1. I think that’s wise. If I could backtrack back 10, 15 years I would have known not to buy high end stuff…because in the end you end up making decisions based on that. If it had all been Ikea crap decisions would have been so much easier…

  5. Funny thing Frank! We are going through the same thing as we walk around the house deciding on what to take and what not to ship to Spain. We have many antique pieces that are family heirlooms one or two of them that will arrive with us, the others that will break my heart to leave behind as they have been with us and have travelled to new homes and across the country too. But in the end at this stage of our lives we’ve realized, most of what we have in our 2700 square foot home are in fact material things that we would be shipping to Spain. It’s “stuff”! What’s important though I think is to have a few things to give you some comfort in a new country so your new place has some familiarity. We want to continue our travels with Spain as our base as well..we will ship personal items and some comfort food so to speak. We will get stuff along the way as needed.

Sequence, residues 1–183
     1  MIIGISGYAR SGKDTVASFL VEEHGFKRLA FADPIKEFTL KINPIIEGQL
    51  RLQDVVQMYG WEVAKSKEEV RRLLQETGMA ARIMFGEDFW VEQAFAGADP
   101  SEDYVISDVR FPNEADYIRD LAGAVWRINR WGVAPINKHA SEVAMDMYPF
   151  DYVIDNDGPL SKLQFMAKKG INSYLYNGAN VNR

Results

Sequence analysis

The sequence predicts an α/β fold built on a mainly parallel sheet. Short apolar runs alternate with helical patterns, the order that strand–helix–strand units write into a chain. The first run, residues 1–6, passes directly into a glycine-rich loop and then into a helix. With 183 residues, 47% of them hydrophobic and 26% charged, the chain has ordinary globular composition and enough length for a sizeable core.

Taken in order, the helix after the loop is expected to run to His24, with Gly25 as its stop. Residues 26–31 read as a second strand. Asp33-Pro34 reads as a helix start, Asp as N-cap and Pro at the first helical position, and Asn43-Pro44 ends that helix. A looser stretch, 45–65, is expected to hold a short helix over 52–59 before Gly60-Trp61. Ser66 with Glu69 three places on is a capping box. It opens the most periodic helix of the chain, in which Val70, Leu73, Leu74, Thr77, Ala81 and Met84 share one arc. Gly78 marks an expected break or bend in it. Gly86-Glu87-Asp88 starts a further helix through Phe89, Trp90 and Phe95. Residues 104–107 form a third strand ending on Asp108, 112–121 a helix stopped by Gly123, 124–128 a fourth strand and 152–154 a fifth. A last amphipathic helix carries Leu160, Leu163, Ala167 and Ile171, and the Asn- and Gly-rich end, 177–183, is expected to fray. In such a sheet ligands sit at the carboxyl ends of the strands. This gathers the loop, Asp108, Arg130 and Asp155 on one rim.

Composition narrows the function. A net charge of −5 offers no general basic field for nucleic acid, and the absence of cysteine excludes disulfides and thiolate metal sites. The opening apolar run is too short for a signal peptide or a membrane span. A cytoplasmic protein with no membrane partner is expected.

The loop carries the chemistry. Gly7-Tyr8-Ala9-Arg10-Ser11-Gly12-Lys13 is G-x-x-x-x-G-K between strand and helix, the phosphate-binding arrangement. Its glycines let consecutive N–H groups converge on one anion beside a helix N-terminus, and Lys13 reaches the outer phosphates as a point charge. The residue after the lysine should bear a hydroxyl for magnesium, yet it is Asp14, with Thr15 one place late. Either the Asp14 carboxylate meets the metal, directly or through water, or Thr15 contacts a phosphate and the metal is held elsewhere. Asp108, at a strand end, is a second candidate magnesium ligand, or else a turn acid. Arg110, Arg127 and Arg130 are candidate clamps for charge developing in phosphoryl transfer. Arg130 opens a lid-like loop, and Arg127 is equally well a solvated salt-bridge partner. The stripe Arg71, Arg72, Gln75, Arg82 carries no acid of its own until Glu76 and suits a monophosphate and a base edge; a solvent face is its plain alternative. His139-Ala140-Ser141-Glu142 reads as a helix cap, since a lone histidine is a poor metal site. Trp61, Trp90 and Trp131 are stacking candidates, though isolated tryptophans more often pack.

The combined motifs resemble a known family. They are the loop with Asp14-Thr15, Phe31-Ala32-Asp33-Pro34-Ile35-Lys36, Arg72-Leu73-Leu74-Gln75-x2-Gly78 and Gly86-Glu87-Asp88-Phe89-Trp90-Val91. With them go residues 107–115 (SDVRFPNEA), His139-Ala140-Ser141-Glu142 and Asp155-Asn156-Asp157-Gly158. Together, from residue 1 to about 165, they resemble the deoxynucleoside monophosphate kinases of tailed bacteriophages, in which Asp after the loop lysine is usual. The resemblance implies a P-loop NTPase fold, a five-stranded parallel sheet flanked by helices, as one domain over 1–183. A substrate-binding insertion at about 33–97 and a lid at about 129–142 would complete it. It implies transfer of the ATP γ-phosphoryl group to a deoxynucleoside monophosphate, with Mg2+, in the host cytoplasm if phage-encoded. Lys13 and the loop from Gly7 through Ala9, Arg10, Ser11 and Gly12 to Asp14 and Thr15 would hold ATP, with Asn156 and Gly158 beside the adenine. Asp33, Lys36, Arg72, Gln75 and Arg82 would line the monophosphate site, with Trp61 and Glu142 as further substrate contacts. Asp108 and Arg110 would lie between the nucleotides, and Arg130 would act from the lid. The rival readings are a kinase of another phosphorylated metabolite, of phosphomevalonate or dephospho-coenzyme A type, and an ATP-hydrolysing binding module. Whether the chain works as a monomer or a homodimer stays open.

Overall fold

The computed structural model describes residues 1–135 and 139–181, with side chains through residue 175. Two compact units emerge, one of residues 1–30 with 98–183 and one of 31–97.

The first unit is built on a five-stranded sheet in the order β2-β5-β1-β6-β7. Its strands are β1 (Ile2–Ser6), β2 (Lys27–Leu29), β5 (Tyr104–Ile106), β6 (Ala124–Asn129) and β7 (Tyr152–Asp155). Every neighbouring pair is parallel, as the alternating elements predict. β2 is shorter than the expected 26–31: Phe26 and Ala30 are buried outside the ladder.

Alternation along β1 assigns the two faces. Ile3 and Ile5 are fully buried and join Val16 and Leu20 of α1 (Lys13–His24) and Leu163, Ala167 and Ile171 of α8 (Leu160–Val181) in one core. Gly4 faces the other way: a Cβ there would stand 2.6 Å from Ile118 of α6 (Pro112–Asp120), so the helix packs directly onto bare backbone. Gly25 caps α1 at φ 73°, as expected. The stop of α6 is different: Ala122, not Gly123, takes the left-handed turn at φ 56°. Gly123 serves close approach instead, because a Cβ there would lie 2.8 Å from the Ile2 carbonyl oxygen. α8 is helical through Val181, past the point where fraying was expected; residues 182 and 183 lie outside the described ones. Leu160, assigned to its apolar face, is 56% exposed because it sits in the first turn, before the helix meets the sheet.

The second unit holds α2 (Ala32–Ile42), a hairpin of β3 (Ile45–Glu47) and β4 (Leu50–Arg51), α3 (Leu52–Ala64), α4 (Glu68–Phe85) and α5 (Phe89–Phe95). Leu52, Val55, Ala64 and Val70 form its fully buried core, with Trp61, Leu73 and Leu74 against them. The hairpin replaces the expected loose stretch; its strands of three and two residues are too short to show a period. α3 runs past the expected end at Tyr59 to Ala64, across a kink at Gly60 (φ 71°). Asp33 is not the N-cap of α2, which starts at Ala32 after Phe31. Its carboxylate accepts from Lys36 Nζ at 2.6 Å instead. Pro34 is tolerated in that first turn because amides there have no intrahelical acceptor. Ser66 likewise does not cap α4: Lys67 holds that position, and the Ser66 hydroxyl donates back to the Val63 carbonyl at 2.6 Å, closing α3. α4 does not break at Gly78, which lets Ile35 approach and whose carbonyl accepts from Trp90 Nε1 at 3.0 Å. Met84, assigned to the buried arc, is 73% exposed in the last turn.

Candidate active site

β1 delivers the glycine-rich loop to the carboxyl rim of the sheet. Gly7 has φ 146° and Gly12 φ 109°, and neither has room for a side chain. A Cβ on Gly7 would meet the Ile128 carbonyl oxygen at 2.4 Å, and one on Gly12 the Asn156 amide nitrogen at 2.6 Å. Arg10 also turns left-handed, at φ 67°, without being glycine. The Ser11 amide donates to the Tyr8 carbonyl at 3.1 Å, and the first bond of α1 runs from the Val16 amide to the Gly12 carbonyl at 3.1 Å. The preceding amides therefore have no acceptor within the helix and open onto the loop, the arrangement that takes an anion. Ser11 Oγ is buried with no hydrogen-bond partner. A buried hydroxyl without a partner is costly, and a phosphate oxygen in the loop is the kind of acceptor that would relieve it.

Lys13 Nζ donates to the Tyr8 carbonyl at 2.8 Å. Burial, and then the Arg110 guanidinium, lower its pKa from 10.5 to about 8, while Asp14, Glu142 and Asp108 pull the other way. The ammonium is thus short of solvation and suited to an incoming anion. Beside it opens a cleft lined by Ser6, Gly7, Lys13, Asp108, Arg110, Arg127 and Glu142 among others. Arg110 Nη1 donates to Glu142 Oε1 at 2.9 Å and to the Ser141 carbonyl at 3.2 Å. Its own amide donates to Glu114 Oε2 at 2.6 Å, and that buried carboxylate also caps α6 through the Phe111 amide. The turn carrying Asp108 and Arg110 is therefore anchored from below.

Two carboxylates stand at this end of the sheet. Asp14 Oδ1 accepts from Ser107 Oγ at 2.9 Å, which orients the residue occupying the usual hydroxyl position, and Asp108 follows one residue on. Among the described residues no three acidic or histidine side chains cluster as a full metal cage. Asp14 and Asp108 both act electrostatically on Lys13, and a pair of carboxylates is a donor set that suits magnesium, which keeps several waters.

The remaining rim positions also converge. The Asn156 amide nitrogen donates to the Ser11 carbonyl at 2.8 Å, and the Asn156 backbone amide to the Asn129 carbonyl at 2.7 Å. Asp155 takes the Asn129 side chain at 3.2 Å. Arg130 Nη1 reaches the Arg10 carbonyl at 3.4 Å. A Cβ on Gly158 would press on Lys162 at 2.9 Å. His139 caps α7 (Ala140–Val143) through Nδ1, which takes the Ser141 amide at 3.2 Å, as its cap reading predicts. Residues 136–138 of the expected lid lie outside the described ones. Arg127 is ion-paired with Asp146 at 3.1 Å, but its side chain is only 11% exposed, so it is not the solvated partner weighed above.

1. Thanks for the comment. You know, it really depends. You guys are coming straight to Spain. It’s a classic move. We were nomads with uncertain plans and in the end ended up travelling Nomad for 6 years and undergoing 2 major moves. That really drove up the cost. I totally understand about bringing stuff that brings you comfort. Also, if it’s a straight move, at least you have all your stuff and you don’t have to do a lot of shopping in a strange land.
      Look forward to hearing where you end up in Spain.

  6. Hello Frank and Lissette,

    I came across your blogs and I read them with great interest. At the moment we are living in Victoria, BC and we are planning to travel in southern Europe starting late spring or early summer, next year. We had the same discussion about our belongings. We decided to sell our apartment and take with us only the most valuable items, sentimentally and some of them financially. It came down to a financial decision. We just could not justify the cost of shipping and the taxes. I hope you enjoy your new house. All the best!

    Levi

    1. Always nice hearing from fellow Canadians.
      There are a lot of variables, including how much time things will be in storage or how many moves you might make. And if you’re like us, there are a lot of uncertainties that you can’t plan for. In teh end, in our case, I think getting rid of the big stuff would have been the wise choice. The paintings, posters, statues, masks etc could be kept with friends or family.
      Good luck with your travel plans

Post a Comment

Your email address will not be published. Required fields are marked *


This site uses Akismet to reduce spam. Learn how your comment data is processed.

css.php